This from MCV, one of our local gay newspapers was a good read I thought. The part where his mother thought that her son had died when he told her he was gay was a good insight into how some parents must view their gay child.
|Condoms and coming out|
|Wednesday, 14 November 2007|
Navigating the complex intersection of sexuality, family and culture is no easy journey, writes Ryan Perdio.
My birthday, last year. Out with the whole family for a Sunday night dinner, my mother hands me a present and insists that I open it in front of everyone. The look of restrained excitement and anticipation on her face should have made me suspect that something was up. The parcel turns out to be a box of condoms.
Less an example of her enthusiastic and somewhat warped way of showing motherly concern for my health and wellbeing, the strange gift was, in fact, a gag. A playful gesture and a simple, albeit significant, reference to how far things between us have come.
My parents were understandably upset when they found out I was gay.
I came out at 16, the arduous conclusion of several challenging years of self-doubt and self-exploration. Along with being an extraordinarily moody teenager due to the difficulties of dealing with my sexuality, I was also quite the strong headed and stubborn youth. My parents and I regularly butted heads. They were the authorities, and thus the people whose seemingly unreasonable rules - imposed purely, of course, to make my life difficult - I disobeyed.
The old world views they were raised with back home clashed with the autonomy that I’d adopted as a consequence of growing up in Australia.
Like many Filipino families, ours is an exceptionally close one. This strong sense of togetherness is largely due to the belief and importance placed on the cultural identity of the family unit, which Filipino society is especially driven by and centred upon. It’s within this identity that we should, as individuals, find reason and purpose, at least in theory. Parents nurture their children; children tend after their parents, and so on. But it’s a double-edged ideal. While on the whole the family is a wonderfully welcoming and encompassing environment, it can also be prove to be strict and inflexible. Problems arise when something, or someone, deviates from what is regarded as the norm. As, clearly, I had done by coming out.
My parents’ way of dealing with my revelation was to ignore it, and me, completely. When not locked in her room crying her eyes out, my mother refused to acknowledge my presence; a stark contrast to the mother whom I had had regular hearts-to-hearts with. I felt alienated and helpless; not to mention guilty for causing her so much grief, and angry at the lack of sympathy that I felt I was due.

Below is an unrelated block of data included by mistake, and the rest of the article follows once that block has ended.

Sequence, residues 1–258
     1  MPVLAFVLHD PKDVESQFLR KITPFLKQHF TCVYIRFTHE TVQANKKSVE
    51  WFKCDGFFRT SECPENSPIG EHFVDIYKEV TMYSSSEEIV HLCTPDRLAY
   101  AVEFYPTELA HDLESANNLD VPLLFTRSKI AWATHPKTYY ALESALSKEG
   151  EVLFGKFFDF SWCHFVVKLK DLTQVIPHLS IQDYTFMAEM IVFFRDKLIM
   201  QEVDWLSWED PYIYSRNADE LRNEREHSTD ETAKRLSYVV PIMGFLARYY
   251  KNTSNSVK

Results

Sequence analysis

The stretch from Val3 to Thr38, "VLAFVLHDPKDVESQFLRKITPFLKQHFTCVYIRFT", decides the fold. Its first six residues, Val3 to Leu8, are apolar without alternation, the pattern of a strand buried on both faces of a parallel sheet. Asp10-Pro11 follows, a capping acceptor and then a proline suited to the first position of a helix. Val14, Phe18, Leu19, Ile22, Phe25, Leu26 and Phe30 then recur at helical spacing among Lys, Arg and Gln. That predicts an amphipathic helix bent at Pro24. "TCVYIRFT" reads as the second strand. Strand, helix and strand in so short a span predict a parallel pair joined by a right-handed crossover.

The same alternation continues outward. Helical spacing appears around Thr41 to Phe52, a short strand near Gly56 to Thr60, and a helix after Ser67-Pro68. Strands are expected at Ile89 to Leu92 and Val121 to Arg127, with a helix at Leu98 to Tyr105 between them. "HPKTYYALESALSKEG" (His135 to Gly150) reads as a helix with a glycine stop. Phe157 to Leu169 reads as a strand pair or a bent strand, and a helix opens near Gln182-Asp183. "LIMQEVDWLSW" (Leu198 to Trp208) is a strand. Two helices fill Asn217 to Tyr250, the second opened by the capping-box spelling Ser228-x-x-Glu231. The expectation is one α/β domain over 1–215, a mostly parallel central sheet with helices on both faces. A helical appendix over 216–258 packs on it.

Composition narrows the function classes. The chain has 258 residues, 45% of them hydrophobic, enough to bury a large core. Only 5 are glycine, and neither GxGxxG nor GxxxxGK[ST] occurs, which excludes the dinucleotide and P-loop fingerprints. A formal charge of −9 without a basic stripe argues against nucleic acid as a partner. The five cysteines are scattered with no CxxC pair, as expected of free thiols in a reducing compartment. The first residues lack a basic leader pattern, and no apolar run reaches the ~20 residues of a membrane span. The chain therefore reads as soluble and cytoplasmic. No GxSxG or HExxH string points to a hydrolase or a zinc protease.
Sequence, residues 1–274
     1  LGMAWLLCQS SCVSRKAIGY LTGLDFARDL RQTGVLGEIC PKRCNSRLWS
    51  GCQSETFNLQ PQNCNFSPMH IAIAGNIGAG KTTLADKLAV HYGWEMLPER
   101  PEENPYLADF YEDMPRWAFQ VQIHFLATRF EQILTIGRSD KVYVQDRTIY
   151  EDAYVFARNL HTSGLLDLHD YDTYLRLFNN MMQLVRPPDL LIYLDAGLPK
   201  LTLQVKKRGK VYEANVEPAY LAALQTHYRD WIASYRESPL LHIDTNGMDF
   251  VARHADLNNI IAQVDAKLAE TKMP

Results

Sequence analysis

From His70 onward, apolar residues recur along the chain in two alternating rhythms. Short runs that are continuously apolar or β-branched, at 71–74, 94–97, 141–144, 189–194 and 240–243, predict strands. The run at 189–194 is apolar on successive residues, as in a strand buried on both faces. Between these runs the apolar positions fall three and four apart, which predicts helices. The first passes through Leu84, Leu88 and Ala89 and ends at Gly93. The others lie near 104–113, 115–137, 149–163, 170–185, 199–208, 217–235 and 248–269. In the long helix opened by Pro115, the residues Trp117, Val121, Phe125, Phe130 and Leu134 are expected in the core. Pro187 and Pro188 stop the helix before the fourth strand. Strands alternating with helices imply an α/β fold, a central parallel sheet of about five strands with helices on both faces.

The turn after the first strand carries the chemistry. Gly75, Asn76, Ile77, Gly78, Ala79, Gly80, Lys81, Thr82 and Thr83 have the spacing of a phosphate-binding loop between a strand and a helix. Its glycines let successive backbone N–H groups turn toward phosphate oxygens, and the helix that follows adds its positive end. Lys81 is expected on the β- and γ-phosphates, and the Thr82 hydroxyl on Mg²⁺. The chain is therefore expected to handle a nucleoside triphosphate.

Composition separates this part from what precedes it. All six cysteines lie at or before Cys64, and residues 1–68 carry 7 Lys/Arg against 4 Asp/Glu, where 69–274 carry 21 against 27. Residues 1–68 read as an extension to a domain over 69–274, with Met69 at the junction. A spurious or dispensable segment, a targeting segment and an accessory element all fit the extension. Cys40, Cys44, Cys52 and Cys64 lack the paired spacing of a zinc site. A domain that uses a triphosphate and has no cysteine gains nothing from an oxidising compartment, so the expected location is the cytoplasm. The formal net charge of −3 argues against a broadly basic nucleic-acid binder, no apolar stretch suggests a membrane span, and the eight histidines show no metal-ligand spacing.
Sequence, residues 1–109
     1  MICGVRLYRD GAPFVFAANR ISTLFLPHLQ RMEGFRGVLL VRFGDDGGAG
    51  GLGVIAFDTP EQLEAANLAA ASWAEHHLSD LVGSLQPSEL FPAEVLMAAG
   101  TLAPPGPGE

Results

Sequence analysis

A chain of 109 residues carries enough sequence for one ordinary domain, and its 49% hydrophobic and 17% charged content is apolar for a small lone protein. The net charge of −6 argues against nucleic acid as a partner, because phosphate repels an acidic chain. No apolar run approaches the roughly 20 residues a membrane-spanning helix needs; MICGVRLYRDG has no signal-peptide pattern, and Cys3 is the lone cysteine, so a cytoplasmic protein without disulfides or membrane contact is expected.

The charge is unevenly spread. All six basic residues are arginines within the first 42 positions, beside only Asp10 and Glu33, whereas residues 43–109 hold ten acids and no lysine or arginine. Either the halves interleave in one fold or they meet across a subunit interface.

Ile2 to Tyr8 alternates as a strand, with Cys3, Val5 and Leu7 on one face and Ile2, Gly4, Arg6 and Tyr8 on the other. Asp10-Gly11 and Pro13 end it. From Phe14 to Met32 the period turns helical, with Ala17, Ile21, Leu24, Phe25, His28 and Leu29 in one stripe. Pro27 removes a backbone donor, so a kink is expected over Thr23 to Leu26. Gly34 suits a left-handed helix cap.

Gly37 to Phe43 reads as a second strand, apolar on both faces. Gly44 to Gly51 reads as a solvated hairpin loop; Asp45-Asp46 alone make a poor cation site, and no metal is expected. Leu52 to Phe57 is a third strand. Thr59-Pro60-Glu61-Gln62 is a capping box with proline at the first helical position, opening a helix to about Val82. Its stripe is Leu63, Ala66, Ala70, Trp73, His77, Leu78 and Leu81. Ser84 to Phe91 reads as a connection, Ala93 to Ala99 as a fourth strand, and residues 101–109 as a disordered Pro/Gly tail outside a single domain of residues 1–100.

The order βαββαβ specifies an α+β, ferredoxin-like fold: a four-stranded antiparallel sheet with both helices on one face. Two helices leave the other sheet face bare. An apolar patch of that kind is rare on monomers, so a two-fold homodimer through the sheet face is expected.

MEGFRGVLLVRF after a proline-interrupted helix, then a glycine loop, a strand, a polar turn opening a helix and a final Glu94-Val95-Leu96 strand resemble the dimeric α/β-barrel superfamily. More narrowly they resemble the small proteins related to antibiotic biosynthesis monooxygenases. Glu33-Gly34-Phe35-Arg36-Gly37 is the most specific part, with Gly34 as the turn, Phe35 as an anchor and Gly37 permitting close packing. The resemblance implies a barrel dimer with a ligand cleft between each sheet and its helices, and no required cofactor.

My father, on the other hand, acted like nothing had happened. He went on treating me much the same as he had before I came out, which proved to be both a relief and a nuisance. While it made me feel normal, his lack of acknowledgment also frustrated me. I wanted to speak to him and to open up on how I was feeling, but I couldn’t bridge the gap.
It seemed an eternity before I slowly felt a change in both their attitudes. A gradual shift. And now ten years have passed.
Which brings me back to my birthday dinner. I feel slightly mortified as I hold out the box of condom for everyone to see, but laugh it off along with everyone else. As we finish laughing our collective heads off over my somewhat unorthodox present, my mother points to the attached card I haven’t previously noticed. She insists I open it and read aloud the message within: ‘Happy Birthday! Don’t use these all at once!’ Time has definitely been a great healer and equaliser.
A few years back, I asked my father why he acted the way he did when I first came out.
“At first I thought that you were just going through a phase, so I didn’t make a big deal of it,” he told me. “But when I realised that you weren’t going to suddenly change back to what you were never before, well, I thought, why continue to worry?”
And my mother’s response?
“I felt like my son died. Not you specifically, but my image of my son. The one who will get married to a lovely wife and have beautiful children,” she explained. “So, when I found that that wasn’t going to happen, I grieved. For that son. And when I was done, I found that I still had the same son, but one that I really needed to get to know. And he turned out to be someone that I equally adored... Plus now, I have another daughter also!”
Ah, parents. I guess you’ve gotta love ‘em and accept ‘em as they are!